One in five employees in the UK have experienced some form of sexual harassment at work

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ne in five of the UK workforce has experienced at least one form of sexual harassment at work in the past year, the Standard reveals.

Data, provided by the House of Commons Library and the Liberal Democrats, showed that the equivalent of 1.5 million people each year are abused by third parties – such as customers, clients and patients .

The data not only describes the extent of sexual harassment, but also the lack of support for employees who report it. The Equality and Human Rights Commission found that nearly half of the cases where incidents were reported resulted in the employer doing nothing, minimizing the incident or holding the employee accountable.

It comes as the Worker Protection (Amendment to the Equality Act 2010) Bill, which would make employers liable for employees who experience sexual harassment, is due to pass its second reading on Friday.

It is sponsored by Wera Hobhouse, MP for Bath, who said the bill ‘would bring about the culture change that is so desperately needed’. It would fill “the gaps in our current laws by making employees liable for third-party harassment,” she said.

“An autonomous preventive obligation transfers responsibility from individuals to the institution. This will prevent harassment and protect victims.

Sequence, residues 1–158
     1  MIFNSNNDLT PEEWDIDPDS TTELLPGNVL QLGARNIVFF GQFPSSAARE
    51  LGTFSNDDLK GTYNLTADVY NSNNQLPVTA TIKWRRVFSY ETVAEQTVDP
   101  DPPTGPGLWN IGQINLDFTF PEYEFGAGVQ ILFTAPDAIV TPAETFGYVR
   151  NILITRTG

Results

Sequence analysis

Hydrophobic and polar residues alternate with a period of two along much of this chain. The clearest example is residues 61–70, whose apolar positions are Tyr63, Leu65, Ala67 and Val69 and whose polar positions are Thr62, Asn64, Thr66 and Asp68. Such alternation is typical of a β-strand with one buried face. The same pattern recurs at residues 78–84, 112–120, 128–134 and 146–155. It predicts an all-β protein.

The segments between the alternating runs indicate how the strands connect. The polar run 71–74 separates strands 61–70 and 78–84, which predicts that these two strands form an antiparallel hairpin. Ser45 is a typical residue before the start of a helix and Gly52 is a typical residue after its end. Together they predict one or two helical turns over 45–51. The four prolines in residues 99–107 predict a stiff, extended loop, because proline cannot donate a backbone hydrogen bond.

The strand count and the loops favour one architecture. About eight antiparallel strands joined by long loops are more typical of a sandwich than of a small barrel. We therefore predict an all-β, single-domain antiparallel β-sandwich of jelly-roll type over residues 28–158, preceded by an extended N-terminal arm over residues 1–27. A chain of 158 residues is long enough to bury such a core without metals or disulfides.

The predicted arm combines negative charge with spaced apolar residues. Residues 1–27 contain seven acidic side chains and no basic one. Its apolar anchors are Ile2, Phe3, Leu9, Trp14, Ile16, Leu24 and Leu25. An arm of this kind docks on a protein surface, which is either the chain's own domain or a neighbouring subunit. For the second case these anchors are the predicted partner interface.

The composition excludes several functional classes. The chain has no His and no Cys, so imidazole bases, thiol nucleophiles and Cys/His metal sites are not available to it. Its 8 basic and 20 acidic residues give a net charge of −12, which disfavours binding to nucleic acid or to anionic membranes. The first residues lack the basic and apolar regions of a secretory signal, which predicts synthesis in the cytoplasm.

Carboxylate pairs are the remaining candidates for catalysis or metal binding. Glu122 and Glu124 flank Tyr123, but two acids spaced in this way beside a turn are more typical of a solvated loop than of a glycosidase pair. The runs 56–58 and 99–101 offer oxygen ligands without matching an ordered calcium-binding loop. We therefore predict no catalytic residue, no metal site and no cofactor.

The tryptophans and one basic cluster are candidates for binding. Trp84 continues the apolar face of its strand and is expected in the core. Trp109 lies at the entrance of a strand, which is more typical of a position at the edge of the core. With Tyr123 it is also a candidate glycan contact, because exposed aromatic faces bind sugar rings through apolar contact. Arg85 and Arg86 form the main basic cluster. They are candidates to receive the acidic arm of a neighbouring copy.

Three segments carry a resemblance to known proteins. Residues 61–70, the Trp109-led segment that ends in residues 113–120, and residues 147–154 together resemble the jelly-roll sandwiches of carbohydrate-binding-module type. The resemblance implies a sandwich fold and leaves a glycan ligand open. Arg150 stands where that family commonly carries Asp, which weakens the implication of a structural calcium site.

Ms Hobhouse worked on the Worker Protection Bill alongside the Fawcett Society, a charity that campaigns for gender equality and women’s rights.

Fawcett Society chief executive Jemima Olchawski said: “For too long women have been unsafe in the workplace and for too long sexual harassment in the workplace has been underreported.”

The Government Equality Office survey found that almost 80% of female employees who have experienced harassment do not report it.

For Ms Olchaski, the bill is “a vital step forward in ending the pervasive problem of sexual harassment in the workplace”, as she hopes to ensure that employers are “held accountable for creating safe workplaces , respectful and inclusive”.

A spokesperson for the Equalities Office said: “Sexual harassment is wrong and must be eradicated. The Equality Act 2010 already protects people who have been harassed at work, and we are committed to putting in place a new set of measures to further tackle workplace harassment.

Michael A. Bynum